Disney’s world of storytelling: an interview with Marcus Rosie

Immi Marsh

A world without stories, is a world unimaginable. Storytelling makes us human; it’s stories that help us make sense of the world, that sets our imagination on fire, and that ultimately become the building blocks of our entire lives. We only have to look up into the night sky to see countless tales etched into the constellations by our ancestors, leaving lasting memories, defiantly immune to time.

The Walt Disney Company has penned countless stories of hope, love, and loss that similarly live on in our minds; the common thread that binds each and every one is that the stories they tell mean something to people. They bring us together over shared experiences, help us to see new perspectives and navigate this world of ours, ultimately inspiring us to dream beyond our current limitations.

It’s a cultural cachet no other brand has quite come close to achieving. As the company approaches its 100th Anniversary, we spoke with Marcus Rosie, SVP Global Creative, to lift the page on the inner workings of the Disney brand magic.

Fostering a culture of dreamers

Behind the brand, the films, the stories and the rich history of iconic characters, is of course a team of boundless and inquisitive minds that see the world through a unique lens. “The spark that ignites imagination is fragile and rare,” Rosie tells us. “It doesn’t show up on demand! The best ideas come when the human brain is free to dream, imagine, and be empowered to take risks. The very best ‘magical’ ideas stem from a healthy creative culture where everyone plays, and everyone’s ideas are heard regardless of how goofy!”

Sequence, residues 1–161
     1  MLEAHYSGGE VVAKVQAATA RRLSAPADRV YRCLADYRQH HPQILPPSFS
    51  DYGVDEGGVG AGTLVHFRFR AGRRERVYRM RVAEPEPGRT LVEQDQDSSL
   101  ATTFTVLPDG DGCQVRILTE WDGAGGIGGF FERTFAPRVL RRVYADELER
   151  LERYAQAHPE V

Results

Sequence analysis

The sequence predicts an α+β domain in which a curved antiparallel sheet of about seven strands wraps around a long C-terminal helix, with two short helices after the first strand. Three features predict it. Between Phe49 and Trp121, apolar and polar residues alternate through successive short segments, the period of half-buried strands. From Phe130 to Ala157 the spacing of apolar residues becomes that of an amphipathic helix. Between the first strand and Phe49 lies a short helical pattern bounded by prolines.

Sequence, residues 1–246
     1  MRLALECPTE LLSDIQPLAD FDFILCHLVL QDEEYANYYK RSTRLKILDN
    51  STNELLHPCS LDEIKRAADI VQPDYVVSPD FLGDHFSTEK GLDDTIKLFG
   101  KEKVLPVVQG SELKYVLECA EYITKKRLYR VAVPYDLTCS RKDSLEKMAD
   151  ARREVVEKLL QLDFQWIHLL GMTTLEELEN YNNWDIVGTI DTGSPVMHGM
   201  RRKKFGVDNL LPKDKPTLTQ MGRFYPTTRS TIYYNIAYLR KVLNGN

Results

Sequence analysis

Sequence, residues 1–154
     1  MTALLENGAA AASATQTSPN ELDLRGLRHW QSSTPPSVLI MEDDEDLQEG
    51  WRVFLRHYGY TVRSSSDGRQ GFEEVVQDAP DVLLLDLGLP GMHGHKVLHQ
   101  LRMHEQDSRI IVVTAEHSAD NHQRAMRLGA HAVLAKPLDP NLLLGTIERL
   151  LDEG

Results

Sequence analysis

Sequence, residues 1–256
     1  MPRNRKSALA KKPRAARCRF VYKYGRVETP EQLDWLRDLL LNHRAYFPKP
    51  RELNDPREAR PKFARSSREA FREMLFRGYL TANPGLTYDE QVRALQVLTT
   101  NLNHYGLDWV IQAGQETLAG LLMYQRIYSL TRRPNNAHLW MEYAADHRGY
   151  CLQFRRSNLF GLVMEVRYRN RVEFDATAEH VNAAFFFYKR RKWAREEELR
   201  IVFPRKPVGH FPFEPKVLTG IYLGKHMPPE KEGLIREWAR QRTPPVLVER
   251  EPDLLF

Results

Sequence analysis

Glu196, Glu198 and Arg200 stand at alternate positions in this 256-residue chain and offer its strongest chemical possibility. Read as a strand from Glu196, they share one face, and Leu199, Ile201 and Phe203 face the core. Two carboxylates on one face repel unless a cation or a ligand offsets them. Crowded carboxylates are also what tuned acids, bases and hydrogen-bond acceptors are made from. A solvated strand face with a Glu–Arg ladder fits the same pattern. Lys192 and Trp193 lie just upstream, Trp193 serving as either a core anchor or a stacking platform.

Rosie’s favourite film has a lovely and almost serendipitous symmetry to the way his team nurture their creativity through play. “Since I was a kid, I’ve loved Peter Pan. It’s such a magical story, with incredible characters, and at the end of the day, I adhere to the concept of never really growing up! All the world is made of faith and trust, and pixie dust.” An iconic character that so perfectly embodies the escapism of stories themselves.

100 years of imagineering innovation

Not one to fear the unknown that comes with playing with innovation, knowing that magic is usually poised and waiting just around the corner, the entertainment giant has pioneered an enviable list of breakthroughs; from ‘fully synchronized’ sound cartoons in the release of Steamboat Willie in 1929; the introduction of Captain EO, one of the world’s first 4-D films in 1986; to Toy Story, the world’s first feature-length computer-animated film. “It's innovation that has propelled Disney for the last 100 years and will undoubtedly be the fuel that drives us for the next 100!” assures Rosie.

Innovation has formed the fabric of Rosie’s career, too, as he’s witnessed first-hand how inextricably linked storytelling is with technological advances. His creative journey began in a climactic age when digital breakthroughs were burgeoning full-steam ahead; starting out developing branded web-based experiences in the early 90s, his love for technology grew exponentially with the dawn of the smartphone and the exciting reams of possibilities that it brought with it.

“A storytelling device in every human’s hand 24/7 now that is powerful! As we enter the dawn of Web 3.0 and the Metaverse, the combination of computational power, connection speeds, incredibly affordable hardware, frictionless software, and mass adoption presents a mind-blowing opportunity for Disney to connect with guests around the world in new and exciting ways.”


Watch this space, for part two of our interview with Marcus Rosie!


3 min14 Feb 22